Wednesday saw a confluence of news items that helped propel the price of gold higher. The FOMC minutes released today were more positive than predicted regarding further quantitative easing, meaning that the Fed directors are worried about the U.S. economy.
There was also more inclination in Europe to add more liquidity to the financial system and to help flailing, failing economies. This was tempered by statements from both Greece and Spain that essentially said that those countries need more time to put their domestic houses in order. For once, Germans did not pour cold beer on the movement, however - a good sign.
Both the U.S. and European drifts point toward stimulation, which indicates more expensive gold and more inflation. Stimulation depresses the value of a country's currency. Many critics are saying, in fact, that the lack of inflation - in some economies deflation - is at the core of the world's economic crisis.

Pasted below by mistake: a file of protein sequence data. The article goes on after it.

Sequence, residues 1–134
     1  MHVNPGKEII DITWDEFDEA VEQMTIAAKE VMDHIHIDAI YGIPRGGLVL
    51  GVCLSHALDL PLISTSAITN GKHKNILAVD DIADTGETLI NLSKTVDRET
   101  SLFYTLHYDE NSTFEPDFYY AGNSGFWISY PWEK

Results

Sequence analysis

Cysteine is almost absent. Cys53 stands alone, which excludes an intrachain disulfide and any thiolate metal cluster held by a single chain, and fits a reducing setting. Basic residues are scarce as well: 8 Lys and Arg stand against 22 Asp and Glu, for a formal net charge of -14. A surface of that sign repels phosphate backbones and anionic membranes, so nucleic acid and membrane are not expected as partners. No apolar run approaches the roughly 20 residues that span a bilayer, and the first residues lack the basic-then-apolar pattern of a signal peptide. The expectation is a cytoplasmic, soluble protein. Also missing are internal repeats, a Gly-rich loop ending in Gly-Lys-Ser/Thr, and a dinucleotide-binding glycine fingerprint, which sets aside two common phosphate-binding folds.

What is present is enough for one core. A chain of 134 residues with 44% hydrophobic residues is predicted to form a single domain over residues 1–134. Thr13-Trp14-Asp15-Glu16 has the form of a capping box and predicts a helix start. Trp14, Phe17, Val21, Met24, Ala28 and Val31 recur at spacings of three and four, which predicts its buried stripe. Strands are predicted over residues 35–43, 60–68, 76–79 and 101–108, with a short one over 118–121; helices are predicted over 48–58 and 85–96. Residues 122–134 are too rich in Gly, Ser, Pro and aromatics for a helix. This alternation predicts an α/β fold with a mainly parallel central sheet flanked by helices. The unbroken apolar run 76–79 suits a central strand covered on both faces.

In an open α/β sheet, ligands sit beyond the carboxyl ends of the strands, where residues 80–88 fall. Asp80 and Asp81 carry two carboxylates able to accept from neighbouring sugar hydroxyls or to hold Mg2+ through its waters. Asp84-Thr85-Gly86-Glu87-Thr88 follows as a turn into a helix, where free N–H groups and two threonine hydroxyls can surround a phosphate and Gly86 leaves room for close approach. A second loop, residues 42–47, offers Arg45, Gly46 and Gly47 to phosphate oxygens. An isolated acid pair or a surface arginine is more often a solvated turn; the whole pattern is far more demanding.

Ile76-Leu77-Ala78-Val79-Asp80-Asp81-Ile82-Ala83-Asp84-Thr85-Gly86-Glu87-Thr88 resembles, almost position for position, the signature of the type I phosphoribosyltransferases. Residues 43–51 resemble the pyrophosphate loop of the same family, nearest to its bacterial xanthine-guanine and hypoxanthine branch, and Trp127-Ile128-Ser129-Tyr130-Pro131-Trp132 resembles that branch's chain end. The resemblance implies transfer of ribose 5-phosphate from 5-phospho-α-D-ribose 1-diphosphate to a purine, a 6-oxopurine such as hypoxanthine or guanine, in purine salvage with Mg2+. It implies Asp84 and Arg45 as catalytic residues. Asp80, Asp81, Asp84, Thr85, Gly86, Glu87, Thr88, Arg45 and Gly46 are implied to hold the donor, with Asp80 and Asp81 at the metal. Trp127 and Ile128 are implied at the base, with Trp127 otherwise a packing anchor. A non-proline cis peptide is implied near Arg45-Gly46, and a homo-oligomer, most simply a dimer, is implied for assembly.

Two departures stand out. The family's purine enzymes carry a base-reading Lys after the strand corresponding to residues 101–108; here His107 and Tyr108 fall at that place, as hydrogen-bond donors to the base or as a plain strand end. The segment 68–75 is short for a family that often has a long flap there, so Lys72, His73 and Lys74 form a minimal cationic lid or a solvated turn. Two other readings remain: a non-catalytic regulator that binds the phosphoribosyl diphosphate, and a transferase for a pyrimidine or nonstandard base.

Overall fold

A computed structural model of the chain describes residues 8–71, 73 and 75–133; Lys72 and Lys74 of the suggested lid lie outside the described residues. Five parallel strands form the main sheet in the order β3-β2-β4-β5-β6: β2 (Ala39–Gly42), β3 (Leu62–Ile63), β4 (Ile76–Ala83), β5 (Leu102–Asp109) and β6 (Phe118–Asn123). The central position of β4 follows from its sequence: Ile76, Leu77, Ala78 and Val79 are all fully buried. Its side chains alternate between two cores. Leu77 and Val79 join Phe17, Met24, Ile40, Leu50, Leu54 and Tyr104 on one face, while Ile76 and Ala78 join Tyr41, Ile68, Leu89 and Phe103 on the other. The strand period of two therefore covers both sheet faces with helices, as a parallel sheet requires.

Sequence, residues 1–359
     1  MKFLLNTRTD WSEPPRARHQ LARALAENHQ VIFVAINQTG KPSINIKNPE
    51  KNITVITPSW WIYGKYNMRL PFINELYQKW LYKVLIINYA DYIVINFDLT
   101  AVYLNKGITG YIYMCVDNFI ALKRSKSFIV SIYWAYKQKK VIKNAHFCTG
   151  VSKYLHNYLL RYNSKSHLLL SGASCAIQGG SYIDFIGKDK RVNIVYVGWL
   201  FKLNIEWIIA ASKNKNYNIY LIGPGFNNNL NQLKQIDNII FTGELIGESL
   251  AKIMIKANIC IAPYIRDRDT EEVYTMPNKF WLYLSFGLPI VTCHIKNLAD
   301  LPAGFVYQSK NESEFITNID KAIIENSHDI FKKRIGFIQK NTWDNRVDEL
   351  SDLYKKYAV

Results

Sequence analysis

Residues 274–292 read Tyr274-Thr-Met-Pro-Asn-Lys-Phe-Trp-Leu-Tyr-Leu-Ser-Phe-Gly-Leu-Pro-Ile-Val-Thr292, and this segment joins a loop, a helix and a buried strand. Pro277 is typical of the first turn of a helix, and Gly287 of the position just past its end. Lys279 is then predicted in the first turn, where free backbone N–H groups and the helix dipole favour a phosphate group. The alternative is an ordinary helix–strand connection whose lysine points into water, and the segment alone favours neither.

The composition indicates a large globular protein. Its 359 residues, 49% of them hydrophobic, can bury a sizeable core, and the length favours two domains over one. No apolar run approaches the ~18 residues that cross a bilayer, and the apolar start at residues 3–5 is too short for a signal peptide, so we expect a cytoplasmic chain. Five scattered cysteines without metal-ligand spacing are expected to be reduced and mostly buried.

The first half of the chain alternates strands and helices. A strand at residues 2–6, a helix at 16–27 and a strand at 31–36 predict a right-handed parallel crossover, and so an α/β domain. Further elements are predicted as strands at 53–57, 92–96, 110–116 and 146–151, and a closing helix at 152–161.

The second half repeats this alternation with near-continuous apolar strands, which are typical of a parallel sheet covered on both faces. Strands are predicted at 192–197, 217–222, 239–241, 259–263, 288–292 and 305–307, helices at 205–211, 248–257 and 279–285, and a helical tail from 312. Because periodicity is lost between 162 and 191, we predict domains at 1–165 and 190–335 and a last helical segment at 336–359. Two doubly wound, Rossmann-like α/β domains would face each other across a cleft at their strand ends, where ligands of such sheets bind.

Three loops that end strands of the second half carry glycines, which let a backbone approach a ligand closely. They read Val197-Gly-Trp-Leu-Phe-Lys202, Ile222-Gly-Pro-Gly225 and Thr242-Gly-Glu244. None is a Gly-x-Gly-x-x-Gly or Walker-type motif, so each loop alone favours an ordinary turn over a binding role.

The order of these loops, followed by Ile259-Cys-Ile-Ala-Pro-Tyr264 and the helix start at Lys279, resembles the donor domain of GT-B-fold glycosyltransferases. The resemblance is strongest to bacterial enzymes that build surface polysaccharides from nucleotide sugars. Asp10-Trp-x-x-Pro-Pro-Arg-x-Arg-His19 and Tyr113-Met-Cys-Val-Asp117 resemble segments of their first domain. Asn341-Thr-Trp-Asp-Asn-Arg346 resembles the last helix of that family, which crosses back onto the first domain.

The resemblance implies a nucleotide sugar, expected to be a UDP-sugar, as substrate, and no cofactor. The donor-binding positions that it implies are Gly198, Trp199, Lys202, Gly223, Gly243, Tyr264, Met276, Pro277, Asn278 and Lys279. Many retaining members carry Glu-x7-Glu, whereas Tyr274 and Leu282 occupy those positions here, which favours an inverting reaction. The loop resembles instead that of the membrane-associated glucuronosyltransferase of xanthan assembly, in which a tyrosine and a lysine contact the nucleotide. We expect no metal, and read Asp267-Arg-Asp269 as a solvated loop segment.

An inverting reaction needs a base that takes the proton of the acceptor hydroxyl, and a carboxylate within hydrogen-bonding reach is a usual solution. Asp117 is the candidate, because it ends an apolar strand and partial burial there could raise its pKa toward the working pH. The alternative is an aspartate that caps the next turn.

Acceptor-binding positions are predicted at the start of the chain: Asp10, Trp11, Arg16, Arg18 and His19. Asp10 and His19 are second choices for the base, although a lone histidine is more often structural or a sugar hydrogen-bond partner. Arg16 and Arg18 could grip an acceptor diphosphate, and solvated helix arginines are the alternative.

The fear of more easing uncoupled gold and U.S. Treasury bonds, the latter of which plunged while gold soared. They had been shadowing one another for a few months.
Finally, there was a lot of upward technical pressure that helped gold momentum. (More on that below.) An interesting aside on gold: prices tend to push up after a Presidential election regardless of which party wins.
Silver also kept its momentum, perhaps playing catch up after a soft summer, as well as increasing industrial demand. The world economy gives us mixed signals, but the price of all precious metals minus gold tells us about anticipated production.
As always, wishing you good trading
Disclosure: I am long GLD.